By Brian S. Kabateck '89, Guest Alumni Blogger
In a mix of news both bad and slightly less bad, the governor's proposed 2013-14 state budget slashes $200 million in court construction funding but mostly maintains the status quo for court operations already battered by years of deep cuts. The governor's finance team is to be commended for avoiding deep operational cuts that would have devastated California's courts. However, the loss of $200 million in construction money needed to maintain the state's aging court infrastructure amounts to more bad news for the justice system. Even though the budget proposal appeared to spare the courts from a fresh round of deep operational cuts for 2013-14, the system is already reeling from $1.2 billion in General Fund cuts over the past five years.
At first blush, the governor's new budget appears to maintain the status quo, but with the courts absorbing more than $1 billion in cuts over the past five years, the status quo isn't acceptable. The status quo has been a disaster. A prime example is in Los Angeles County, which during the current fiscal year has been forced to make upwards of $85 million in cuts to programs that have resulted in the ongoing closure of 10 full courthouses scattered around the region and other operational changes that have the net effect of creating long lines for basic services and slowing the administration of justice. The old axiom is justice delayed is justice denied. Well, lately there has been a lot of justice being denied all over the state.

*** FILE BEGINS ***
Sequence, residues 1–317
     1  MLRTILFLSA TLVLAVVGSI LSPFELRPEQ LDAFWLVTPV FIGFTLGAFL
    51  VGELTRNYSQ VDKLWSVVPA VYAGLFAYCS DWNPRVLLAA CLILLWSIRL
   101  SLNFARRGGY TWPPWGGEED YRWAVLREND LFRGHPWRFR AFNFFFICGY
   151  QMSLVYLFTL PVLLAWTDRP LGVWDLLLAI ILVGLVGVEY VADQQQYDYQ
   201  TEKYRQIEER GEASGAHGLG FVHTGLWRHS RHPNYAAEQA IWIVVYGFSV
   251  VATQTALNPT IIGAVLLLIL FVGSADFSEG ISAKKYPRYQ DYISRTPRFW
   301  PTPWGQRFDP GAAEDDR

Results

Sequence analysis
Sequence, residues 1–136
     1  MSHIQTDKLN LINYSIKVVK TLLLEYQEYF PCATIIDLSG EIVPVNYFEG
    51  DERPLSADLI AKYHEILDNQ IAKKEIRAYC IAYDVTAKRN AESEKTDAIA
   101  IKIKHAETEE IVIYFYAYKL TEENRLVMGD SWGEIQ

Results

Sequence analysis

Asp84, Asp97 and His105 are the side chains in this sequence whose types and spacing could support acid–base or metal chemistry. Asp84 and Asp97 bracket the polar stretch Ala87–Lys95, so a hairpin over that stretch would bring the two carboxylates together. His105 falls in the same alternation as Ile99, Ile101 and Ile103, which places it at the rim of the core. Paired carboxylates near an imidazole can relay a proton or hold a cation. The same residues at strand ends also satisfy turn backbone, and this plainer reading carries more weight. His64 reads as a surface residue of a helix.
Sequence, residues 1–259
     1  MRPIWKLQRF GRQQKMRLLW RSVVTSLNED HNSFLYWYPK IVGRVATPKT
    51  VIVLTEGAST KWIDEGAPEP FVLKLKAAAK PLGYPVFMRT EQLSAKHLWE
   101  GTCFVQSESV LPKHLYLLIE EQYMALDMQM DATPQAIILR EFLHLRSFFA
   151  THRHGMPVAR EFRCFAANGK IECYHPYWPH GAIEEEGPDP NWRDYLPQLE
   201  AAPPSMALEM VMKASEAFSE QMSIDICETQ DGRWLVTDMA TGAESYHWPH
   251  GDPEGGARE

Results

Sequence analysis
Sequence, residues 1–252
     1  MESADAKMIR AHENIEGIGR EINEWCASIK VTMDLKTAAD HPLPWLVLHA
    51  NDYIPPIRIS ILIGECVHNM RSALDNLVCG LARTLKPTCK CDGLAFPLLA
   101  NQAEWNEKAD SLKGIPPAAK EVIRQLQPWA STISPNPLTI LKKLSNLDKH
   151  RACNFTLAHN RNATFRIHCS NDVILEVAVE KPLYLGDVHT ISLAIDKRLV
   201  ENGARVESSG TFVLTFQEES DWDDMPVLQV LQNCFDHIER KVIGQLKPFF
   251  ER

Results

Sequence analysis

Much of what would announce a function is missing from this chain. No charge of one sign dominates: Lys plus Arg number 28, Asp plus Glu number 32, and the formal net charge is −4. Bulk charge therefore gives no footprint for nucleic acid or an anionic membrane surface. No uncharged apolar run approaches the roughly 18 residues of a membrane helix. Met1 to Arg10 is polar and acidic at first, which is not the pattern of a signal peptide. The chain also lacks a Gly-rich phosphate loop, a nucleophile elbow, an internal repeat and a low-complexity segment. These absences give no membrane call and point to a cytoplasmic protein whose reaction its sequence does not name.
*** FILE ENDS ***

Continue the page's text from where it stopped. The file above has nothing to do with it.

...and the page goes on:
The cuts of recent years have hit especially hard at some of the state's most vulnerable citizens - women, children, the poor, veterans, the disabled - who utilize family law and other specialty-court operations that have been among the hardest hit by years of budgetary slashing. We are facing a crisis. Courts are an important safety net for society, protecting our most vulnerable. This crisis is about real people who need help solving real problems. Even the most basic functions like paying a ticket or resolving a rental dispute have been turned into unbelievable inconveniences that cost average citizens both time and money. Staffing cuts at many courthouses have led to swelling lines and frayed tempers as the public has tried to tap the most basic services. In Los Angeles, people queued up to settle traffic tickets have in some instances been turned away at day's end and told to come back the next day. Such problems stand to grow even worse as the county grapples with more than $150 million in court cuts in the last couple years. Already, 10 courthouses in Los Angeles County are in the process of being shut down and services are increasingly being centralized in a single courthouse, threatening to make a bad situation even worse.